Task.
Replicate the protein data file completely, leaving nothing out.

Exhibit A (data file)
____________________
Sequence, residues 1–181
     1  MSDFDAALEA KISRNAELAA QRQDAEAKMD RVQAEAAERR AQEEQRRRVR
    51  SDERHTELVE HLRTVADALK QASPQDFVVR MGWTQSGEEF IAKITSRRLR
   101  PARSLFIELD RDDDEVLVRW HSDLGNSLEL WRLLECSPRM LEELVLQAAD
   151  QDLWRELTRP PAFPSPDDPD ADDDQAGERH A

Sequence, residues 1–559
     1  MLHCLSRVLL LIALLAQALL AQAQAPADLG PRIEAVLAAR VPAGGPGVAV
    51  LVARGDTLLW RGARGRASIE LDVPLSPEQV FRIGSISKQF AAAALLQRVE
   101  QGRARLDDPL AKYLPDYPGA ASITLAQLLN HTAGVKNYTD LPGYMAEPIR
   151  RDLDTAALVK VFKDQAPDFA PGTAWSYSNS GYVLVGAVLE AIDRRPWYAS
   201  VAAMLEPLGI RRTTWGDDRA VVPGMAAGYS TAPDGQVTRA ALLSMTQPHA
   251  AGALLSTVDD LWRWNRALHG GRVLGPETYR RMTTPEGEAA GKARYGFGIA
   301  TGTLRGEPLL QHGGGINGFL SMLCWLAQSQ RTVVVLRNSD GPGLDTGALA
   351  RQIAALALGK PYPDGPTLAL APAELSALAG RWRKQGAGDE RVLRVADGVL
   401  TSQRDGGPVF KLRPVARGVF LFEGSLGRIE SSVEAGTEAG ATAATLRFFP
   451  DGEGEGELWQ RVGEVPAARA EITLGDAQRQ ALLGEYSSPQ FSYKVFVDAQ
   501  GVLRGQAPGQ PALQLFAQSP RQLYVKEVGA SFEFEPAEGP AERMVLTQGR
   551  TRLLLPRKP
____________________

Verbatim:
Sequence, residues 1–181
     1  MSDFDAALEA KISRNAELAA QRQDAEAKMD RVQAEAAERR AQEEQRRRVR
    51  SDERHTELVE HLRTVADALK QASPQDFVVR MGWTQSGEEF IAKITSRRLR
   101  PARSLFIELD RDDDEVLVRW HSDLGNSLEL WRLLECSPRM LEELVLQAAD
   151  QDLWRELTRP PAFPSPDDPD ADDDQAGERH A

Sequence, residues 1–559
     1  MLHCLSRVLL LIALLAQALL AQAQAPADLG PRIEAVLAAR VPAGGPGVAV
    51  LVARGDTLLW RGARGRASIE LDVPLSPEQV FRIGSISKQF AAAALLQRVE
   101  QGRARLDDPL AKYLPDYPGA ASITLAQLLN HTAGVKNYTD LPGYMAEPIR
   151  RDLDTAALVK VFKDQAPDFA PGTAWSYSNS GYVLVGAVLE AIDRRPWYAS
   201  VAAMLEPLGI RRTTWGDDRA VVPGMAAGYS TAPDGQVTRA ALLSMTQPHA
   251  AGALLSTVDD LWRWNRALHG GRVLGPETYR RMTTPEGEAA GKARYGFGIA
   301  TGTLRGEPLL QHGGGINGFL SMLCWLAQSQ RTVVVLRNSD GPGLDTGALA
   351  RQIAALALGK PYPDGPTLAL APAELSALAG RWRKQGAGDE RVLRVADGVL
   401  TSQRDGGPVF KLRPVARGVF LFEGSLGRIE SSVEAGTEAG ATAATLRFFP
   451  DGEGEGELWQ RVGEVPAARA EITLGDAQRQ ALLGEYSSPQ FSYKVFVDAQ
   501  GVLRGQAPGQ PALQLFAQSP RQLYVKEVGA SFEFEPAEGP AERMVLTQGR
   551  TRLLLPRKP